Broward College Expert Offers Signs for Identifying Strokes

May 25, 2016 | More Tips

Signs of StokeStrokes are the leading cause of serious, long-term disability in the United States. Each year, approximately 795,000 people suffer a stroke. During Stroke Awareness Month this May, Broward College’s Associate Dean of Nursing, Catherine Johnson, is offering some signs to help you “BE FAST” in detecting the symptoms of a stroke:

B – Balance: A sudden loss of balance or coordination, such as not being able to walk a straight line or touch a finger to the nose.

E – Eyes: Sudden vision changes, such as double vision or blindness in one eye. Up to two thirds of people experience changes in their vision during a stroke.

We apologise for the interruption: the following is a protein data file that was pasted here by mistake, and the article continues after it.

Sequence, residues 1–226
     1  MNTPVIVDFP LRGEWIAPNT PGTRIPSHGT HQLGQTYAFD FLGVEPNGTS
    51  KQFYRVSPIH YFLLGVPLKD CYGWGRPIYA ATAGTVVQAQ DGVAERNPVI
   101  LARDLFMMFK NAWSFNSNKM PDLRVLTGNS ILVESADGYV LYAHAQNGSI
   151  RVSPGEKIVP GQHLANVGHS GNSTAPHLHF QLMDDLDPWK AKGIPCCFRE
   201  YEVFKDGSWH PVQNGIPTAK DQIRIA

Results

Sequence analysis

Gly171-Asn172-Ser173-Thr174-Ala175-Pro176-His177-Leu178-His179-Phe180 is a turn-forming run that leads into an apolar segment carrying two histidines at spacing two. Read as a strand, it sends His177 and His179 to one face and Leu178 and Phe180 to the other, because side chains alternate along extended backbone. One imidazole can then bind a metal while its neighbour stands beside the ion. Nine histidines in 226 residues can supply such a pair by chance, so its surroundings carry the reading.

F – Face Drooping: This is the most recognized sign of a stroke. Droopiness or numbness on one side of the face, such as an uneven smile, as common indicators.

A – Arm Weakness: Extend the victim’s arms (palms up) for 10 seconds. Look for signs of one arm drifting downward.

S – Speech Difficulty: One test: Ask the victim to repeat the phrase “You can’t teach an old dog new tricks.” If slurred words, using the wrong words, or inability to speak occur, there’s a 72 percent chance they’ve have had a stroke.

T – Time to Call 911: If any of the above symptoms are present, it is important to call emergency responders or go to the ER right away, even if symptoms seem to disappear.

Be sure to record the time when symptoms started. During a stroke, the brain is not getting the blood that it needs. The sooner a victim receives help, the less likely they’ll have serious, lasting problems. Ask your doctor or nurse which hospitals in your area are comprehensive or primary stroke centers, with 24-hour emergency care. For more information on stroke centers in South Florida, visit


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